#131  
Old 03-04-2020, 02:52 PM
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Originally Posted by HyzerUniBomber View Post
Feel ain't real and to be clear, I don't think the amount of stagger is that important so long as you are shifting targetward. The problem starts when you shift off the line of your trajectory. It's very easy to have your shift start to follow your stagger to the left. The more stagger you have, the more your butt has to stick out to remain dragging along the wall in the wall drill.

If I'm doing the wall drill, I start with right foot directly in front of left foot and it strides parallel to the wall. That let's my hips stay back without feeling like I'm struggling. If I add another 6" of offset, it get's tricky to keep my hips back unless I'm throwing a hyzer.
When you talk about the ski turn feel, does the front foot feel like it's nearly turned backwards as it heads to the plant? I think it's because I'm so used to leaning forward and throwing it out in front of me a straight stride feels almost as if I'm planing BEHIND my other foot. Obviously I'm not, but I'm worried about letting it become turning backwards in the x-step.

I think it's just a case of changing muscle memory and small adjustments FEELING much more dramatic.
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  #132  
Old 03-04-2020, 04:26 PM
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Originally Posted by drk_evns View Post
When you talk about the ski turn feel, does the front foot feel like it's nearly turned backwards as it heads to the plant? I think it's because I'm so used to leaning forward and throwing it out in front of me a straight stride feels almost as if I'm planing BEHIND my other foot. Obviously I'm not, but I'm worried about letting it become turning backwards in the x-step.

I think it's just a case of changing muscle memory and small adjustments FEELING much more dramatic.
Yes, it can feel that way and it is probably easy to over-do it and end up too backwards, but I think of it like a good hershyzer drill. Your butt is coming in first, plant foot is leading with the heel like you're dragging the ski backwards.


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  #133  
Old 03-04-2020, 06:18 PM
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Originally Posted by HyzerUniBomber View Post
Yes, it can feel that way and it is probably easy to over-do it and end up too backwards, but I think of it like a good hershyzer drill. Your butt is coming in first, plant foot is leading with the heel like you're dragging the ski backwards.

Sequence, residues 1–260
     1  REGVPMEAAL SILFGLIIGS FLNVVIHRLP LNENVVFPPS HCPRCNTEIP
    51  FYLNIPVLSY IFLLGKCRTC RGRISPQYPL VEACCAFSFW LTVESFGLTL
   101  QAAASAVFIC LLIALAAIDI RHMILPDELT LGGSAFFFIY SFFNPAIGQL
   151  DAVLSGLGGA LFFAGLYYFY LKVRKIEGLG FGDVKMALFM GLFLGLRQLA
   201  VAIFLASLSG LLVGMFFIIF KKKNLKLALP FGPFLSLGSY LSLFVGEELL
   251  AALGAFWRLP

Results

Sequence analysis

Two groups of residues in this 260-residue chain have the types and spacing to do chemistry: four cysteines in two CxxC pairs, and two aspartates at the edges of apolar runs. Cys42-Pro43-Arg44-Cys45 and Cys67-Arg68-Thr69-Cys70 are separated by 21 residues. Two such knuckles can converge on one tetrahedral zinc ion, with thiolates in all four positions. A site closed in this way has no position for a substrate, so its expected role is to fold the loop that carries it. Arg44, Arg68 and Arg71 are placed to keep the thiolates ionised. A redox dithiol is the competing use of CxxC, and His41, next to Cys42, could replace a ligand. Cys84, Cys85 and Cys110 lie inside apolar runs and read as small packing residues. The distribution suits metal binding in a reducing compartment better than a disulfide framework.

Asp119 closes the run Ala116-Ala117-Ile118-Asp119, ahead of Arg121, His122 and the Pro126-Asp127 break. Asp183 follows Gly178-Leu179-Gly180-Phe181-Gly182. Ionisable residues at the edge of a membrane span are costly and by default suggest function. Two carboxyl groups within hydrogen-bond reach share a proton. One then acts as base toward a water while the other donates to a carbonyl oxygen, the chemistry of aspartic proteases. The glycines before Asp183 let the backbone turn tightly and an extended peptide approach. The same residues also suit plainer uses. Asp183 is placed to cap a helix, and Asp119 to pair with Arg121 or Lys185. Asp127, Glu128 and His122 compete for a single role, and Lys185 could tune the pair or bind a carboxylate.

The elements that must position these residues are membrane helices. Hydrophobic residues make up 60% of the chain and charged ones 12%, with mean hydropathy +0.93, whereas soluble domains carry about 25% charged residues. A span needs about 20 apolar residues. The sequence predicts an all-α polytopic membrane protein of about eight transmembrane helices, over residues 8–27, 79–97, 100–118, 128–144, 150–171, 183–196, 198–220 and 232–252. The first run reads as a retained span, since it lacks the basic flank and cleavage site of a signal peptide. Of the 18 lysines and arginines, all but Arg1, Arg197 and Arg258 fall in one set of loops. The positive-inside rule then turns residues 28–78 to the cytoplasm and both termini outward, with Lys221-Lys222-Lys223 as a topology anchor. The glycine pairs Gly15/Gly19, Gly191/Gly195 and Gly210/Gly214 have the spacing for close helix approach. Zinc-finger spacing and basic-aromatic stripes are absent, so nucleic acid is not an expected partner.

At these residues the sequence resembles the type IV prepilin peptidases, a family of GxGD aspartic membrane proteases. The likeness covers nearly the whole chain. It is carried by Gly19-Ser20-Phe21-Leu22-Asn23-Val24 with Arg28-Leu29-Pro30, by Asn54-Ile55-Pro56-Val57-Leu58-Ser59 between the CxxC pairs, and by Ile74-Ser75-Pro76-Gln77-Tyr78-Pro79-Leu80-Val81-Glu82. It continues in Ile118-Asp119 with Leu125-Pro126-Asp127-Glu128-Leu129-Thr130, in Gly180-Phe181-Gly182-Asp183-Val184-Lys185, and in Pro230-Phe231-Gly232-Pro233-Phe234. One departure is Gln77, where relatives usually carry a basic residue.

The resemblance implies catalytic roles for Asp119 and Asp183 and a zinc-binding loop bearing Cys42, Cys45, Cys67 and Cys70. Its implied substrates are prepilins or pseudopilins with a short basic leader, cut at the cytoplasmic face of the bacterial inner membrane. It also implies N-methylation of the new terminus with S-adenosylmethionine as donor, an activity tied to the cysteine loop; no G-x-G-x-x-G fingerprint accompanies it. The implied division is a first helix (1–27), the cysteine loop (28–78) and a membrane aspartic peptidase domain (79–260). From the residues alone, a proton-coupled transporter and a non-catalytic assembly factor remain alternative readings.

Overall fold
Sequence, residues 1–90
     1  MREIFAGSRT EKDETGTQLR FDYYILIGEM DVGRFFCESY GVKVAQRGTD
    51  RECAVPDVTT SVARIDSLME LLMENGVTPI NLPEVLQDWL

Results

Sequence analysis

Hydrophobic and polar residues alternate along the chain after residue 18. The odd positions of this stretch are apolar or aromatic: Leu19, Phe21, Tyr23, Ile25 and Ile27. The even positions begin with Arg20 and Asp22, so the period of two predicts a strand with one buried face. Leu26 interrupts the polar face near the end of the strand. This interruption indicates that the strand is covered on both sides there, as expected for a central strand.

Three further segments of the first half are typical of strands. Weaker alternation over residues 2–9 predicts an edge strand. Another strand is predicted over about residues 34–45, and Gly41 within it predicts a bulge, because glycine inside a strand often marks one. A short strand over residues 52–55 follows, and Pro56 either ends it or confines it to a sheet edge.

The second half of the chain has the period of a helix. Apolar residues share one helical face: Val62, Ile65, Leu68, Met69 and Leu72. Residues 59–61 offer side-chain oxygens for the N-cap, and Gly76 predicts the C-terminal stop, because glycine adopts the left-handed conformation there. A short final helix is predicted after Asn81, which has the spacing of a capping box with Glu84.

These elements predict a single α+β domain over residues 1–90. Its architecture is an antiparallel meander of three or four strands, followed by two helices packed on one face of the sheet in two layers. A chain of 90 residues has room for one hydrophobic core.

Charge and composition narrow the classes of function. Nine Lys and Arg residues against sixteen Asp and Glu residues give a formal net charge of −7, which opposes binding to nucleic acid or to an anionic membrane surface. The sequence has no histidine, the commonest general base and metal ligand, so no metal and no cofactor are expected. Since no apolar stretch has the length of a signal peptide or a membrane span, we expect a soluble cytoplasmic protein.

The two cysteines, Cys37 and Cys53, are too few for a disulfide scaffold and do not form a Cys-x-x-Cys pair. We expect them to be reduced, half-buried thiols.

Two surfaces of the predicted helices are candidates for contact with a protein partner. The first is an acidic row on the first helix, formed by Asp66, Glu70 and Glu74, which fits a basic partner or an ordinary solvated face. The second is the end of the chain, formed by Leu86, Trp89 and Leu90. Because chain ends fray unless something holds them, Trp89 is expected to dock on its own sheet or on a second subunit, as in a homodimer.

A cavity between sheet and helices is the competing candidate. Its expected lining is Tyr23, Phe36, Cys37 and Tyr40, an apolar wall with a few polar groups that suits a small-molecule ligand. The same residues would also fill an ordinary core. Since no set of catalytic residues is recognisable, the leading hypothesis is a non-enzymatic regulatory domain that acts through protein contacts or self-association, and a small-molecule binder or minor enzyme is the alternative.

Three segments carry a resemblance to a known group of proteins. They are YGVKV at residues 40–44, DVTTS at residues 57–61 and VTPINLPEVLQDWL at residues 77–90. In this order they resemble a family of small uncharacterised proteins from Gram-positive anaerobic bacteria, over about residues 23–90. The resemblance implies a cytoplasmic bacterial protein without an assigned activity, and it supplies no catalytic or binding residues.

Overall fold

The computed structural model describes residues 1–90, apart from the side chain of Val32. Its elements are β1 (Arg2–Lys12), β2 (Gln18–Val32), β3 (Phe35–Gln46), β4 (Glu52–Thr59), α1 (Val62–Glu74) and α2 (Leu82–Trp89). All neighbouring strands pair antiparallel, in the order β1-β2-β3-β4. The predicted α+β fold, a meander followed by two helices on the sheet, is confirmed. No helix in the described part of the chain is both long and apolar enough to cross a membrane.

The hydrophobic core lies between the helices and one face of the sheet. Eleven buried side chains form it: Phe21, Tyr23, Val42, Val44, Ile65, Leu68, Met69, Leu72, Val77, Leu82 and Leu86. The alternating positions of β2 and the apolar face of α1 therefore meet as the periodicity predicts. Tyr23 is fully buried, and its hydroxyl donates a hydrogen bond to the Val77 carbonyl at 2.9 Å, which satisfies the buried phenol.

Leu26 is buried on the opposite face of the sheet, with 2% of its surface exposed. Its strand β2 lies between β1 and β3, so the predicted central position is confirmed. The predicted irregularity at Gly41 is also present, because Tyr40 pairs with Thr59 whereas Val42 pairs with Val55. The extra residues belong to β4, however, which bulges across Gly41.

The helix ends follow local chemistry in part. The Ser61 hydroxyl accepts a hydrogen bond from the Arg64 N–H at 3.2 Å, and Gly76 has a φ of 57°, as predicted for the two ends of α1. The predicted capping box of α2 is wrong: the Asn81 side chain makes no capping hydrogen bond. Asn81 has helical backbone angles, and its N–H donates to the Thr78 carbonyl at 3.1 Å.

That Eagle gif pretty accurately describes how my legs are feeling. Thank you!

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  #134  
Old 03-04-2020, 07:50 PM
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Thanks for the input guys. I'm on the same page.

What about the "add more stagger" comment at the beginning. I cringe every time I see it recommended just because it's so difficult to train out and it's what I'm going through right now.

I think what drew says does not necessarily match what he does. He has a pretty straight stride. I can't figure out why so many pros talk about it. Simon seems to be one of the only one with a truly large stagger. What am I missing?
I think it was a little confusing/counter intuitive with what he was saying or how he said it. I don't have a problem with it, and he isn't wrong.

You do need to stagger some or end up in stagger to block the energy of the rear side into the front side to create rotation.

I think the problem most people have with too much stagger is like what HUB is saying, they aren't getting balanced on the front leg. It's also a symptom of trying to be like Simon or doing something without understanding it. They are shifting the whole body/head in the wrong way over to the stagger/humping the goat with the rear leg and collapsing into/behind the front leg. If you watch Simon, his head starts way over to the left in the x-step and he strides his front foot over so it's straight underneath his head/shoulders.

My upper body weighs too much to do that, gravity will pull me over before I can get my foot underneath me. Pretty sure that's why GG is so vertical in the x-step and then tilts going into the plant and lands in only slight stagger. Skinny people may have an easier time tilting over so much in the x-step, but I still don't think it's the most efficient way to move, look at the Jarvis brothers standing straight up in x-step.

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  #135  
Old 03-04-2020, 10:11 PM
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I think it was a little confusing/counter intuitive with what he was saying or how he said it. I don't have a problem with it, and he isn't wrong.



You do need to stagger some or end up in stagger to block the energy of the rear side into the front side to create rotation.



I think the problem most people have with too much stagger is like what HUB is saying, they aren't getting balanced on the front leg. It's also a symptom of trying to be like Simon or doing something without understanding it. They are shifting the whole body/head in the wrong way over to the stagger/humping the goat with the rear leg and collapsing into/behind the front leg. If you watch Simon, his head starts way over to the left in the x-step and he strides his front foot over so it's straight underneath his head/shoulders.